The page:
After speaking with Mr. Jareonsethapanich and Ms. Karuchit, we contacted Mr. Dan Miura of the Port Project & Logistics Business Division at MOL. He confirmed much of what Mr. Jareonsethapanich had said already, and is excited for the opportunity for growth in the barge sector. “To invest in this kind of infrastructure project, MOL believes in the necessity of teaming up with a local partner who can be trustworthy long term,” said Mr. Miura. “MOL and Sahathai have already been working closely together for many years and we fully respect each other’s working attitude. Moreover, Sahathai already being a major barge service provider in the market as well makes it a quite natural choice for MOL and Sahathai to team up in this project.”
Right Place, Right Time
We asked Mr. Jareonsethapanich to go into further detail about the plans for the terminal. “BBT terminal was designed to be exclusively for barges, and is in a very convenient location. We’ve learned if you want to handle the export and import at a terminal, you must layout the area efficiently.”
“Everyone has put great effort towards using what we have learned to make this terminal run efficiently.”
“With a berth length of 120 meters and a draft of 5 meters, barges with a capacity size of 60-200 TEUs will be able to dock at the new terminal. The two cranes that will be used can accommodate 36 moves per hour. The quality of the barges we use are also quite high and up to global standards. To make the facility operate smoothly, EDI container tracking will be implemented throughout. This terminal will also be able to process on-site customs clearance and operate import customs warehouse we will manage the import from Laem Chabang to this new terminal. We are expecting to be able to handle up to 175,000 TEUs annually. BBT will be a neutral terminal that can accommodate anyone as well. This new company, BBT, was set up to be truly neutral and independent. The response from the other barge operators was quite positive, with a focus on working together on how we can improve this emerging industry.”
Because the barge industry is still in its infancy, there is obviously still room for the other intermodal options in the market. MOL for instance still operates its own fleet of trucks as well as using subcontractors to move cargo back and forth from Laem Chabang and Bangkok. We asked Mr. Hajime Miyabe, Board of Directors of Bangkok Barge Terminal and President of Mitsui O.S.K. Lines (Thailand) why they are starting the investment in barges and what affect it would have on other intermodal options. “MOL does not foresee negative impact on its trucking business because there are and there will be customers who still require trucking mode due to various reasons. Besides, MOL also sees growing demand in local trucking in which we would be able to allocate some fleets to the Bangkok-Laem Chabang corridor if the need arises,” said Mr. Miyabe. “Currently, Bangkok based customers have to rely on truck, rail, or barge in order to move their cargo between Laem Chabang and Bangkok. Among these transportation modes, MOL is confident about the future of barge transportation because of its efficiency, safety, and most importantly environmental friendliness; we believe we are offering a new platform to the market at the right time.”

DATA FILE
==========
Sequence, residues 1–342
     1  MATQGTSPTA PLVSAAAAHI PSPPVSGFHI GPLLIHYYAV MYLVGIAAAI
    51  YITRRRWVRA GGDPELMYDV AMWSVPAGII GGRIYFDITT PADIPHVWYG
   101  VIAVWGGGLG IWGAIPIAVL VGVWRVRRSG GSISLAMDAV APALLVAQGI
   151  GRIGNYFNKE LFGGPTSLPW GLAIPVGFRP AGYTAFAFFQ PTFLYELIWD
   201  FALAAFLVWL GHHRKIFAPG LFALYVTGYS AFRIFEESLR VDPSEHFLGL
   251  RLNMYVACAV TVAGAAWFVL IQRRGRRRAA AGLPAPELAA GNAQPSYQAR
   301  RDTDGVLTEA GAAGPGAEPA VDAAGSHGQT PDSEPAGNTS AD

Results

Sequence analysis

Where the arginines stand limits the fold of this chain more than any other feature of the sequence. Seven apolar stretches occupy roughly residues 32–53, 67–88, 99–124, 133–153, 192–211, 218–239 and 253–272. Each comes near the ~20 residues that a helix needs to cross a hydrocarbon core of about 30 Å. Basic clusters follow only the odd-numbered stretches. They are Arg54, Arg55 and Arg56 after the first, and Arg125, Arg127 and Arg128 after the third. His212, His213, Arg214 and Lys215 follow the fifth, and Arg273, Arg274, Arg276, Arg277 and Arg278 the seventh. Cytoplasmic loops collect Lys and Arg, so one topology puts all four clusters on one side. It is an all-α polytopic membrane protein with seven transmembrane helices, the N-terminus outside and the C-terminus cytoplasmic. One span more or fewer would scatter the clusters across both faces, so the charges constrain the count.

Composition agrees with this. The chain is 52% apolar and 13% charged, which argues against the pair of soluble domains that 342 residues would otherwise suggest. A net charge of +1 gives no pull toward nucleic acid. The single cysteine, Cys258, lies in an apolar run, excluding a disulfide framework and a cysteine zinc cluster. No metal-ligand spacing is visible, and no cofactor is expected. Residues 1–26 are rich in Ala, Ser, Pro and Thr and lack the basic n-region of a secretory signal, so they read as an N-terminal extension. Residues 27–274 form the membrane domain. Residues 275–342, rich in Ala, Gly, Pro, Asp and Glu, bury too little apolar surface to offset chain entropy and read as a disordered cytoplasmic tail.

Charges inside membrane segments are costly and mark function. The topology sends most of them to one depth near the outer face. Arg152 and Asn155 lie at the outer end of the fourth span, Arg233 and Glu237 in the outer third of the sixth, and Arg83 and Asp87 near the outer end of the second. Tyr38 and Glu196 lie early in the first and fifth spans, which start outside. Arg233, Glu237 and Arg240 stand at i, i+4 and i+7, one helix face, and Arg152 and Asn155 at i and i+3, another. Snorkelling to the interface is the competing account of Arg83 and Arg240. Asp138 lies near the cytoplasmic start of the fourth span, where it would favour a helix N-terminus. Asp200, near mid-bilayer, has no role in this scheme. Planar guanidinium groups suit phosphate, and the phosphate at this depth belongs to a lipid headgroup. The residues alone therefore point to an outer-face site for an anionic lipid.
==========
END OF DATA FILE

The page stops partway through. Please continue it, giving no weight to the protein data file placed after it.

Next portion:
The future of barge transportation looks promising for Thailand, especially with companies like Sahathai and MOL working together to help mold the future intermodal landscape. “No matter what happens in the future, we are always trying to keep up with the changes in the market and to be one step ahead of them,” said Ms. Karuchit. “This is how we are developing the BBT terminal today. I think everybody would like to have this kind of relationship with a container line, and we are fortunate to have MOL as a partner. We are looking forward to a successful long term relationship.”